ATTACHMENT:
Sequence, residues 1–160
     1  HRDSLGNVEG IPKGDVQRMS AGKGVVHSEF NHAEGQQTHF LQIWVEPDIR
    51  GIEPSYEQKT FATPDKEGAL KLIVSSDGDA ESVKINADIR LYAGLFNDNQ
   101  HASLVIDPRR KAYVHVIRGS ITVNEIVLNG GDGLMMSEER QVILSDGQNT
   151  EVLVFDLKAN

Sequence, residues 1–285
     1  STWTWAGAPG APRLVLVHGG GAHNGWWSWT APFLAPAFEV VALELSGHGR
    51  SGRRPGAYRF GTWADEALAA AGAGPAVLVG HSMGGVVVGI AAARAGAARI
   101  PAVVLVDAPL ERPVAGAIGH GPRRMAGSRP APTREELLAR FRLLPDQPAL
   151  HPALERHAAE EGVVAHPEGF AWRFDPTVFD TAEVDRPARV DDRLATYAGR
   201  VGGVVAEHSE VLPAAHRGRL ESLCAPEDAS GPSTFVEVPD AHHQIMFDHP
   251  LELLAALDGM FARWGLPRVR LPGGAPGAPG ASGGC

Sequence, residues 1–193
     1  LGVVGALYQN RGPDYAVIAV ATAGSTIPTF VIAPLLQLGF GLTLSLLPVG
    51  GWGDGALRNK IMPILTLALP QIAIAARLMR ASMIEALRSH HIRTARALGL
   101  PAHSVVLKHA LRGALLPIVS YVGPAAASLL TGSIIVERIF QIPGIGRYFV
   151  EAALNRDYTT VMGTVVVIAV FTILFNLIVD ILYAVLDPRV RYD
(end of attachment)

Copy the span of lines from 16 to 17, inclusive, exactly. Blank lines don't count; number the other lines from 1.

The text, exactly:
   101  PAHSVVLKHA LRGALLPIVS YVGPAAASLL TGSIIVERIF QIPGIGRYFV
   151  EAALNRDYTT VMGTVVVIAV FTILFNLIVD ILYAVLDPRV RYD